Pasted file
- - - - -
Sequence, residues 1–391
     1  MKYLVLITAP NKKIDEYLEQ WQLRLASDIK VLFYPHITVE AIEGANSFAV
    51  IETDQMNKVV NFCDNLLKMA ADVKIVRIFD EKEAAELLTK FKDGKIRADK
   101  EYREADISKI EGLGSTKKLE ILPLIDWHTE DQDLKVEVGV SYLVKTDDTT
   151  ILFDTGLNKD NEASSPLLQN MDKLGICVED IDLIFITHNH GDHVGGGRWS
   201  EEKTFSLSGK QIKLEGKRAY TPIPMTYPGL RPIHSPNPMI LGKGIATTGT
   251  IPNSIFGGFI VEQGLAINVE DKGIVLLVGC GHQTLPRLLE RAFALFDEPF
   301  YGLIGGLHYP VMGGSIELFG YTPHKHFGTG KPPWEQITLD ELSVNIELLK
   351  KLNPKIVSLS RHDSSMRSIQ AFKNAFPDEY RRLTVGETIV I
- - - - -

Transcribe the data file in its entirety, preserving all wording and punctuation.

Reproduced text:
Sequence, residues 1–391
     1  MKYLVLITAP NKKIDEYLEQ WQLRLASDIK VLFYPHITVE AIEGANSFAV
    51  IETDQMNKVV NFCDNLLKMA ADVKIVRIFD EKEAAELLTK FKDGKIRADK
   101  EYREADISKI EGLGSTKKLE ILPLIDWHTE DQDLKVEVGV SYLVKTDDTT
   151  ILFDTGLNKD NEASSPLLQN MDKLGICVED IDLIFITHNH GDHVGGGRWS
   201  EEKTFSLSGK QIKLEGKRAY TPIPMTYPGL RPIHSPNPMI LGKGIATTGT
   251  IPNSIFGGFI VEQGLAINVE DKGIVLLVGC GHQTLPRLLE RAFALFDEPF
   301  YGLIGGLHYP VMGGSIELFG YTPHKHFGTG KPPWEQITLD ELSVNIELLK
   351  KLNPKIVSLS RHDSSMRSIQ AFKNAFPDEY RRLTVGETIV I